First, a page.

included, and Congress authorized, $20.4 million for an expanded NASA
Near-Earth Object (NEO) Observations Program, increasing the resources for
this critical program from the $4 million per year it had received since the
1990s. The program was again expanded in fiscal year 2014, with a budget of
$40.5 million. NASA is asking Congress for $50 million for this important
work in the 2016 budget.

NASA has identified more than 12,000 NEOs to date, including 96 percent of
near-Earth asteroids larger than 0.6 miles (1 kilometer) in size. NASA has
not detected any objects of this size that pose an impact hazard to Earth in
the next 100 years. Smaller asteroids do pass near Earth, however, and some
could pose an impact threat. In 2011, 893 near-Earth asteroids were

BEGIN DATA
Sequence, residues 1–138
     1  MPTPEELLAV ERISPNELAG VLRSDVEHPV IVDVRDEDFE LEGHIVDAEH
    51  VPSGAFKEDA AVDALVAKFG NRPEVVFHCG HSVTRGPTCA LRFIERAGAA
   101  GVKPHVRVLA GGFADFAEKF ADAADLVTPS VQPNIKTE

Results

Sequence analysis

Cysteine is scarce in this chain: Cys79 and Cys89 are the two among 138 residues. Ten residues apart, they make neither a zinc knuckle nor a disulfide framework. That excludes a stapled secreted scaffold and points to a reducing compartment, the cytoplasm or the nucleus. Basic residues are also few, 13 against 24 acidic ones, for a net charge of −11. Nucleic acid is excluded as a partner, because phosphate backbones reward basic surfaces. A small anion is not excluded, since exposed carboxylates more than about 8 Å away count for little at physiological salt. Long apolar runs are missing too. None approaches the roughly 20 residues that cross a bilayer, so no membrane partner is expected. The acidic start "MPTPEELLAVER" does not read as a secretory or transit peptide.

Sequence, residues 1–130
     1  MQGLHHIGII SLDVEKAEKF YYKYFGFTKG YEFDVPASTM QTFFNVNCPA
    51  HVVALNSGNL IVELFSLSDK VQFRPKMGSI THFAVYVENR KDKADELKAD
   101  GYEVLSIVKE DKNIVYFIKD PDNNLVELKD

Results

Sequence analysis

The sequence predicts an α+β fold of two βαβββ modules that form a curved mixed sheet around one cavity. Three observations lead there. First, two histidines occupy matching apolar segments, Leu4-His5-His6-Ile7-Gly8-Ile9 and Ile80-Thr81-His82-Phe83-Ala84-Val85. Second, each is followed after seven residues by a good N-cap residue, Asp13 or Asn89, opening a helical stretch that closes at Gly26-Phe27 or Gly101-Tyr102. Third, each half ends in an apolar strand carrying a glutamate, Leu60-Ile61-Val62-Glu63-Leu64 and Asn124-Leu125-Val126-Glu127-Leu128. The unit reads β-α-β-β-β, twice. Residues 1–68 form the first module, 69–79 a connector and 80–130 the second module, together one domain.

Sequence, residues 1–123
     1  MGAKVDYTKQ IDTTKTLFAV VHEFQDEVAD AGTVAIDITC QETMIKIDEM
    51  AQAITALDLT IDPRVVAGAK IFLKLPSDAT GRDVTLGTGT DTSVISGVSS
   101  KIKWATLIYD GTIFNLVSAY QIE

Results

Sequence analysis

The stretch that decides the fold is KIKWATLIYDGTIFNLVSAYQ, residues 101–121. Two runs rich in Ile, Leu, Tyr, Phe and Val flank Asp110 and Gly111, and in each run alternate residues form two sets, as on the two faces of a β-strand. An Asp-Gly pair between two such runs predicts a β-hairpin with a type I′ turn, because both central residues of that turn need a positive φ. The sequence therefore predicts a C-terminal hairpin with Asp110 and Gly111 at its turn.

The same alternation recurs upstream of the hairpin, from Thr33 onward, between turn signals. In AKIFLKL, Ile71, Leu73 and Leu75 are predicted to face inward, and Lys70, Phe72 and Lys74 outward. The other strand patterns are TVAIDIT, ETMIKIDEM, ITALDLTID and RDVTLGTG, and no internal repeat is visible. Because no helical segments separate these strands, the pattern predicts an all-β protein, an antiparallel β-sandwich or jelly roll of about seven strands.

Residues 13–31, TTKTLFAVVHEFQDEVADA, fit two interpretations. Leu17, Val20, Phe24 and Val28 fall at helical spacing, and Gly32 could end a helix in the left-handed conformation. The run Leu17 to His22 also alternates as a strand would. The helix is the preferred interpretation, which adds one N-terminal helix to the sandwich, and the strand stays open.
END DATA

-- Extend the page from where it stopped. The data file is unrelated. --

found. In 2014, that number was increased to 1,472.

In addition to NASA's ongoing work detecting and cataloging asteroids, the
agency has engaged the public in the hunt for these space rocks through the
agency's Asteroid Grand Challenge activities, including prize competitions.
During the recent South by Southwest Festival in Austin, Texas, the agency
announced the release of a software application based on an algorithm created
by a NASA challenge that has the potential to increase the number of new
asteroid discoveries by amateur astronomers.

For more information about the OSIRIS-REx mission, visit:




For more information about the ARM and NASA's Asteroid Initiative, visit:



Dwayne Brown
NASA Headquarters, Washington
Dwayne.C.Brown at nasa.gov

Nancy Neal-Jones
Goddard Space Flight Center, Greenbelt, Maryland
nancy.n.jones at nasa.gov
Received on Wed 01 Apr 2015 01:33:00 PM PDT